Gardner, who led Virginia in scoring last season (15.3 ppg), is averaging 11.5 this year.

“We’ve got a lot of capable scorers and we’re just gonna keep playing together. And we’re playing very unselfish basketball right now,” Gardner said after scoring 24 against Maryland Eastern Shore. He went into the game with 31 points through four games.

“He’s not the most jumping type of guy, but he’s got so much power,” Hawks coach Jason Crafton said of Gardner, an East Carolina transfer with 2,068 career points. “That low center of gravity and the flexibility that he has to be able to get under people and hold his position is elite. When he wants the ball at a certain spot, he can get it there.”

The leader remains guard Kihei Clark, who already has a place in Virginia history, having retrieved a loose ball and fed Mamadi Diakite for a jumper that sent the Cavs’ Elite Eight game against Purdue into overtime on the way to winning the 2019 national championship.

Newcomers Ben Vander Plas, a transfer from Ohio, and freshman Isaac McKneely have given Bennett more options, and more scoring power than a year ago.

As a junior, Vander Plas had 17 points for No. 13 seed Ohio when the Bobcats upset Virginia 62-58 in the first round of the 2021 NCAA Tournament.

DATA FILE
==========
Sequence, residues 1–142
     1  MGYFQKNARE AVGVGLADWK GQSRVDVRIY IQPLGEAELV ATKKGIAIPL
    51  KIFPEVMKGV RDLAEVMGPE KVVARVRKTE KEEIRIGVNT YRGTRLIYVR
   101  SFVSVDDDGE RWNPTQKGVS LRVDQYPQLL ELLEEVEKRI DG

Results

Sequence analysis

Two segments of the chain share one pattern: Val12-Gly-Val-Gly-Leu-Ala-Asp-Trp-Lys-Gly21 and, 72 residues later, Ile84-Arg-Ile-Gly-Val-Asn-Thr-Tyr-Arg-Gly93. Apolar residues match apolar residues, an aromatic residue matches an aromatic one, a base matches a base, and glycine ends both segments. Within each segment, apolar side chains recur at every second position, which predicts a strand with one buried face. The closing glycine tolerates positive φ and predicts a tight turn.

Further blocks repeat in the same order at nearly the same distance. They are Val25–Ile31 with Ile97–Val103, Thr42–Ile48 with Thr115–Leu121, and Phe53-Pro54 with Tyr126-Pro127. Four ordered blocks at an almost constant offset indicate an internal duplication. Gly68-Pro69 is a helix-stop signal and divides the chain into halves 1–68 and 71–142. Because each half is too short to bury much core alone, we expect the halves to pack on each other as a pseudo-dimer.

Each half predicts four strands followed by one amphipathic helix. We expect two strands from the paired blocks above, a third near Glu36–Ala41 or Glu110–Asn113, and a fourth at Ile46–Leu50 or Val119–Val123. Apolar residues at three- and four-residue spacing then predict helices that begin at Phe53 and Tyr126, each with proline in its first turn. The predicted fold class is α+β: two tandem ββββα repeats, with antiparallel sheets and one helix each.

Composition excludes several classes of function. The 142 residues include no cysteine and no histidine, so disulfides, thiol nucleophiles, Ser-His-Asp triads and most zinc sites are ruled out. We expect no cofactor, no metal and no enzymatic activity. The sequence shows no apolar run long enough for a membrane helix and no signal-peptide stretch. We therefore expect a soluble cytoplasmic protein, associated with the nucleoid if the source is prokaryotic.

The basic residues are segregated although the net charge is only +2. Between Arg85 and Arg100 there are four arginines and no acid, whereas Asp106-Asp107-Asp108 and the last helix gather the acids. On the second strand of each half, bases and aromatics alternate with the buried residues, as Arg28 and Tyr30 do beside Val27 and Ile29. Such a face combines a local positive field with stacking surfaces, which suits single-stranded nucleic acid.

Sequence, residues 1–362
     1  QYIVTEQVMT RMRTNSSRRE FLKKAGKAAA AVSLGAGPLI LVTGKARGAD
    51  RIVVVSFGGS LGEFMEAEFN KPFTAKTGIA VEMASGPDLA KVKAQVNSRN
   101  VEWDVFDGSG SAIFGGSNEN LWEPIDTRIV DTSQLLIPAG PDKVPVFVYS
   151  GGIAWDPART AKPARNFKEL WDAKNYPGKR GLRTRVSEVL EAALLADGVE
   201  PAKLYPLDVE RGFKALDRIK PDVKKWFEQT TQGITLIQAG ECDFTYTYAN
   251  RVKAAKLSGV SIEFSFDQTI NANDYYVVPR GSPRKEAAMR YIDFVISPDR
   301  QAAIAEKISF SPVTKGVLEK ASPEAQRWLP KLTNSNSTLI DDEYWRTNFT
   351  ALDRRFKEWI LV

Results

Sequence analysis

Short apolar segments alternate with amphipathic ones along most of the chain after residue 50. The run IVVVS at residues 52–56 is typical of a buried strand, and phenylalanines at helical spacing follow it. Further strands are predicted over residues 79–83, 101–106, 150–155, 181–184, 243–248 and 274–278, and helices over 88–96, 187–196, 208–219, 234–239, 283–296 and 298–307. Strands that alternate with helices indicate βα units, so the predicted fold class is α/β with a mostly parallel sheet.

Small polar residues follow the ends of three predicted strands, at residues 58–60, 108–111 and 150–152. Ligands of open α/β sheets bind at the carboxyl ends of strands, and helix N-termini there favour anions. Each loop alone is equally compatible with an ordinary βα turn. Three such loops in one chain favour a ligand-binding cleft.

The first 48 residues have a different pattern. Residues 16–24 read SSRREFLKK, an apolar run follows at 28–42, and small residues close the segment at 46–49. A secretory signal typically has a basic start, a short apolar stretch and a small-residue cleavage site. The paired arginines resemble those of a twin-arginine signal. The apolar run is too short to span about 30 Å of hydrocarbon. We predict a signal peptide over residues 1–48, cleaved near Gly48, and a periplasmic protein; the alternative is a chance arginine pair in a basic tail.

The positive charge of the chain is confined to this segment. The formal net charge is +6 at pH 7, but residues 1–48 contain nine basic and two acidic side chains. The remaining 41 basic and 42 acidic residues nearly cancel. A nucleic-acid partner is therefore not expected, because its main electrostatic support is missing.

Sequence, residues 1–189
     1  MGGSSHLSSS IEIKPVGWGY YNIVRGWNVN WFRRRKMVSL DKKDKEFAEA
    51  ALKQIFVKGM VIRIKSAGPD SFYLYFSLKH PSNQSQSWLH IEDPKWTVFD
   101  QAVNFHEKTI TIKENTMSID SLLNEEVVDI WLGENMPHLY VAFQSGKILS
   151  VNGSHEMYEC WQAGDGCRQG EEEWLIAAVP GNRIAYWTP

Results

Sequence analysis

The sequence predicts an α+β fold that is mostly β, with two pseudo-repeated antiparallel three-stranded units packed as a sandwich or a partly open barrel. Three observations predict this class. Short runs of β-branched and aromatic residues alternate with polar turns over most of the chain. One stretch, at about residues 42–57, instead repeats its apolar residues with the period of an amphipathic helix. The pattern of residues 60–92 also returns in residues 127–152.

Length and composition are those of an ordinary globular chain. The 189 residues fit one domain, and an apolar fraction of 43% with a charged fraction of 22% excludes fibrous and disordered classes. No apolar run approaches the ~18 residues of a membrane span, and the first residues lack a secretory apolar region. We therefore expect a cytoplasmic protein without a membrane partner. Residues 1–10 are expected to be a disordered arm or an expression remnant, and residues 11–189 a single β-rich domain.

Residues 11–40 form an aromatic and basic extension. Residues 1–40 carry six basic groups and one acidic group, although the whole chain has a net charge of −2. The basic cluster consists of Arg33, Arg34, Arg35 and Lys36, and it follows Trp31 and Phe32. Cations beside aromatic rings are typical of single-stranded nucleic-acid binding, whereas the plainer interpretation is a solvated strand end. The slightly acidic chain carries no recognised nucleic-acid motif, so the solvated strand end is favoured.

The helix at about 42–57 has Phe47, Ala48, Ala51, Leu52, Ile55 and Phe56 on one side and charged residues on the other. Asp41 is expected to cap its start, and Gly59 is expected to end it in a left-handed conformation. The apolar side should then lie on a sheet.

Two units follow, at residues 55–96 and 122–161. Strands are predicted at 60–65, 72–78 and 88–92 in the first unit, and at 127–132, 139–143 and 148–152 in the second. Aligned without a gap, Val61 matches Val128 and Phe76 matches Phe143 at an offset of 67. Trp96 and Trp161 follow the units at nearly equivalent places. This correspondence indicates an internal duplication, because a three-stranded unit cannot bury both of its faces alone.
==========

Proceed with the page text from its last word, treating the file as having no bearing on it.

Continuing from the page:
He scored seven straight in the second half against the Wolverines, twice scoring inside and then swishing a 3-pointer while trying to slow down bruising big man Hunter Dickinson.

“Ben, yeah. Just his poise and composure in the post, took advantage of some mismatches and he really gave us a great lift,” Bennett said. Vander Plas is the son of a teammate of Bennett’s at Green Bay, and his first name is a tribute to Bennett’s father, Dick.

McKneely scored 15 and made 4 of 6 3-point tries in an 89-42 victory against Monmouth

“He was standing in front of our bench. I’m like, `Listen, we’re not helping off him,”‘ Monmouth coach King Rice said he told his team, pointing at McKneely, a two-time player of the year in West Virginia. “And he kind of looked at me and I said, `Yeah, you, because you make all of them,’ and he started laughing.”

Ryan Dunn also made quite the impression on Rice in his first collegiate appearance, scoring 13 points with six rebounds and three blocks in almost 27 minutes.

“I was in the building when De’Andre Hunter came off the bench and had a breakout game,” Rice said of Hunter, now with the NBA’s Atlanta Hawks. “Dunn reminds me a lot of Hunter, and you can tell he’s young. But when he grows into that body with that skill set, he’ll be giving people problems for a long, long time.”

The Cavaliers open Atlantic Coast Conference play against Florida State, then host top-ranked Houston, which beat them 67-47 last season, a week later.

“A good schedule for sure and it tests you, it kind of shows you, win or lose, you see where you’ve got some holes,” Bennett said.

So far, the Cavaliers have been able to fill them all.

No. 4 Arizona turning heads early in the season

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David Cruz/USA TODAY Sports
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TUCSON, Ariz. — Arizona coach Tommy Lloyd knew there was talent on his roster. He wasn’t exactly sure how good the team would be.

The former longtime Gonzaga assistant had a similar view of last year’s team and that one turned out to be pretty good, running all the way to the NCAA Tournament Sweet 16.

This year’s team could end up being even better.